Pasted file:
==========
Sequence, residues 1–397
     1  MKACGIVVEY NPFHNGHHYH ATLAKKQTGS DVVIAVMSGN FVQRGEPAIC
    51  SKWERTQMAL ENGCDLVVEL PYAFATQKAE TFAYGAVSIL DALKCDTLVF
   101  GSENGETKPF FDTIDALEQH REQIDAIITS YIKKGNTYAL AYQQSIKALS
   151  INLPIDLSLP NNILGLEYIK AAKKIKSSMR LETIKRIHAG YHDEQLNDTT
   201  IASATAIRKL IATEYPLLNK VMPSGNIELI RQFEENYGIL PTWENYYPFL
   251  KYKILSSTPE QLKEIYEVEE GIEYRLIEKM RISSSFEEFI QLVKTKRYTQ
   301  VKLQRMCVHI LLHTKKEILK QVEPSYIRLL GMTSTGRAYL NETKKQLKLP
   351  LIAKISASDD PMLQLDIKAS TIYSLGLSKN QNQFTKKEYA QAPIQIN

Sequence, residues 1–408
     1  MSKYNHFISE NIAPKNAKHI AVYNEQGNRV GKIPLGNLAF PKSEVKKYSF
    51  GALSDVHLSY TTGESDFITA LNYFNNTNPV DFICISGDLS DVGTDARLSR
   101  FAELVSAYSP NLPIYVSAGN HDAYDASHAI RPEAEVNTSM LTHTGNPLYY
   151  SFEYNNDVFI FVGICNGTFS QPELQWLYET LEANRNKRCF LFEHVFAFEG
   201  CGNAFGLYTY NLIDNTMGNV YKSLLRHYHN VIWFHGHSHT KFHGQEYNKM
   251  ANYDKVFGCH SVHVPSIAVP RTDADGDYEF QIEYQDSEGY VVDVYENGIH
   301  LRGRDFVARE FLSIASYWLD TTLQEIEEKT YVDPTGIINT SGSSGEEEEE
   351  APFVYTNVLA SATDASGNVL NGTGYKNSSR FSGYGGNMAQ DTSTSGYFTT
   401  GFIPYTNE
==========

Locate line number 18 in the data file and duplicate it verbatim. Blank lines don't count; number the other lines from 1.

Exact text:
   351  APFVYTNVLA SATDASGNVL NGTGYKNSSR FSGYGGNMAQ DTSTSGYFTT